|SYDNEY'S BOAT (2000), BY STEVEN WEINBERG|
ACQUIRED FROM WILLIAM TRAVER GALLERY, SEATTLE, WASHINGTON, AUGUST 2000
CAST, GROUND, AND POLISHED SCHOTT OPTICAL GLASS AND COBALT BLUE GLASS, SIGNATURE AND SERIAL NUMBER (000808) ENGRAVED BY THE ARTIST, 14" LONG BY 7" HIGH BY 4" DEEP
This work has a really good story behind it: When I visited Seattle in early August 2000, I made a grand tour of all of the Seattle art galleries that I have done business with... Foster/White Gallery, Elliott Brown Gallery, and William Traver Gallery. The show at William Traver Gallery, which had just begun the night before, featured works by Steven Weinberg... really cool works made of cast optical glass.
Probably because the show had just begun, Steven Weinberg and his family dropped in to visit the gallery while I was there... Bill Traver introduced us, and we began to talk about his works. I really liked the precision of his works, which included some really cool features. After we spoke for a while, I decided to acquire this work.
This work is a semicircular arc of cast optical and cobalt blue glass. To create this type of work, Steven starts with a rubber blank, in roughly the desired shape and size of the finished work. He then uses the blank to create a plaster mold which will shape the molten glass. He stacks a large block of clear optical glass on top of a smaller block of colored glass, places the stack of glass on top of the mold, and then places everything into a kiln. Before casting the glass, however, Steven drills fine holes into the bottom of the block of optical glass... these holes become the large bubbles you see in the work.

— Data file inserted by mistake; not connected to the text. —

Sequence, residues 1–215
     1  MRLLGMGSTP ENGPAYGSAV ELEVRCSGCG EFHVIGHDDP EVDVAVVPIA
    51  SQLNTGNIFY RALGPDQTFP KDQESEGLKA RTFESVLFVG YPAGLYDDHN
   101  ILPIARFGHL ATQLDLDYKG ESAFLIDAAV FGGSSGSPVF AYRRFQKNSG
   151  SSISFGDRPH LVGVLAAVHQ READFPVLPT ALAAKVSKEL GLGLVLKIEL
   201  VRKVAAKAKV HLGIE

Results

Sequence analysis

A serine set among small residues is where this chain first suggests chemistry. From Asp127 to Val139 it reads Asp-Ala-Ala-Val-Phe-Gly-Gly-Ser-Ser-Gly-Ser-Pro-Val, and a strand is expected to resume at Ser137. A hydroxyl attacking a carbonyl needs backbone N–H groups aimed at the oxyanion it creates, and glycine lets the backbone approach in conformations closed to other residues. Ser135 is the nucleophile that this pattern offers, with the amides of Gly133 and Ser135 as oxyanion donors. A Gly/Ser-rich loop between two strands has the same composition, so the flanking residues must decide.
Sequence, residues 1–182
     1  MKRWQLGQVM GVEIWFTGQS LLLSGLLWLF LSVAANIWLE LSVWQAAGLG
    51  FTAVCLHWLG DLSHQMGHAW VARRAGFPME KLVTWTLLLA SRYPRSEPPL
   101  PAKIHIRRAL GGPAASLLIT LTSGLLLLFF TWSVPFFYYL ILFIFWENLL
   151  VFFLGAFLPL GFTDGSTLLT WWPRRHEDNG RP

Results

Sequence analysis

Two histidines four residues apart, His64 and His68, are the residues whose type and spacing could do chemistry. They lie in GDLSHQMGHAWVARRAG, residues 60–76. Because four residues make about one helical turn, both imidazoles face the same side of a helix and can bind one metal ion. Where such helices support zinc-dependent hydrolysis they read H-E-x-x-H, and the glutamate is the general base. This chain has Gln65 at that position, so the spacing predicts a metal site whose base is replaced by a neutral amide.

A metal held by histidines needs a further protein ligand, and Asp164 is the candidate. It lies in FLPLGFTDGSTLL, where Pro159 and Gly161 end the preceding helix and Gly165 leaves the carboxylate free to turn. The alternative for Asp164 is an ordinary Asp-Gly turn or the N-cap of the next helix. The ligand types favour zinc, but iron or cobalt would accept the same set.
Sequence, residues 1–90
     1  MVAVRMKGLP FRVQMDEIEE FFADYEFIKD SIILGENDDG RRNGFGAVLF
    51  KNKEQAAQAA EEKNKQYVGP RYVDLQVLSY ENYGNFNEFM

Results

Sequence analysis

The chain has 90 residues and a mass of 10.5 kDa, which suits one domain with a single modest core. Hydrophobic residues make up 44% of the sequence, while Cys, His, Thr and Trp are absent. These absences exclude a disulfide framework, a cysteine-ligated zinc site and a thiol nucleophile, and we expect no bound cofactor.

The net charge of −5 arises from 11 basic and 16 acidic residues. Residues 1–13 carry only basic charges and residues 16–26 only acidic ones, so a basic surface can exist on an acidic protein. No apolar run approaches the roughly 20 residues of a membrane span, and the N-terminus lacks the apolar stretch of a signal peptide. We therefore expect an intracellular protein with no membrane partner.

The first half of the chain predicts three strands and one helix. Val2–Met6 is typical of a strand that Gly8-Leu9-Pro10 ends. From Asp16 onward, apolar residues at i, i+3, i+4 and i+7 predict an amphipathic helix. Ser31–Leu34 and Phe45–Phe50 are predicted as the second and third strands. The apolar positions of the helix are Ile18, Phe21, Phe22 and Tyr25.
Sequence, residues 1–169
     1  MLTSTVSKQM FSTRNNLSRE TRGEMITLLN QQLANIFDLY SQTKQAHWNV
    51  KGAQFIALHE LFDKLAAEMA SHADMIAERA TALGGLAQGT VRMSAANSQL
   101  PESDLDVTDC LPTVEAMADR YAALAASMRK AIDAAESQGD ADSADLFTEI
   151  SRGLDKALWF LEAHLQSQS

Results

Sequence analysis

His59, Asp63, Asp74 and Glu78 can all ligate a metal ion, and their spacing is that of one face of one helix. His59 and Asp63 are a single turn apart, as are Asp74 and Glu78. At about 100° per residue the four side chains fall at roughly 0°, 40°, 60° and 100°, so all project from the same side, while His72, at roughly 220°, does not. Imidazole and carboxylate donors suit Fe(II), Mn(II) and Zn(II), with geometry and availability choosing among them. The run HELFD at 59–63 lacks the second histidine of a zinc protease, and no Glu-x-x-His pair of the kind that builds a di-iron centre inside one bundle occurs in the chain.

When Steven fires up his kiln, the entire stack of glass slumps down into the mold... the colored glass remains on the bottom and the optical glass remains on top as it settles into the mold. When the glass melts, however, the air in the drilled holes contracts into spherical bubbles, which rise up slowly through the glass and which pull a fine amount of the colored glass up into the optical glass. By precisely controlling the depth, diameter, and position of the drilled holes, Steven can control where the bubbles ultimately end up. (Steven told me that the folks who make the optical glass give him a hard time for introducing bubbles into the glass, since they spend so much time and effort trying to get all of the bubbles out.)
Once the work anneals, Steven uses grinders and polishers to smooth the front, back, and top of the work, and to add lenses to the work. This work includes a simple spherical lens on its upper surface, and toroidal lenses on the front and back of the work (spherical channels with a point in the middle). These lenses are incredibly difficult to create with any degree of accuracy, but Steven has done an excellent job grinding them on this work.
The outer arc of the work has been finished using an ancient technique known as "gluechipping"... basically, Steven coats the smooth outer arc with a horse-based glue. Once the glue dries, he places the work back in a kiln. As the glue heats up, it shrinks and exerts a tremendous amount of pressure on the outer arc, compressing and distorting the glass before falling away from the work. The result is a rough, beaten glass surface... this technique used to be used in the creation of stained-glass windows.
This work is named for one of Steven's sons. All of these works are referred to as "boats", because of their shape. Steven named one of his other boats Alden Boat, after a yacht maker in Rhode Island. Since one of Steven's sons is also named Alden, his other two sons, Sydney and Sharkey, reasoned that Alden Boat was named for their brother. They told their dad that they wanted to have boats named for them as well... so, Steven created Sharkey's Boat and Sydney's Boat, this work.
There are a number of things I love about this work... the deep cobalt blue is a favorite color of mine. The clarity of the optical glass and the precision of the suspended bubbles and ground lenses are amazing... the way they catch the light is seriously cool. And I really like the way that Steven has scarred the outer arc of the work... the rough appearance suggests to me the bottom of a real boat.
Steven's later boats often contain many more bubbles and more complicated arrays of lenses... but I'm still a fan of the relative simplicity of this boat. Very cool.
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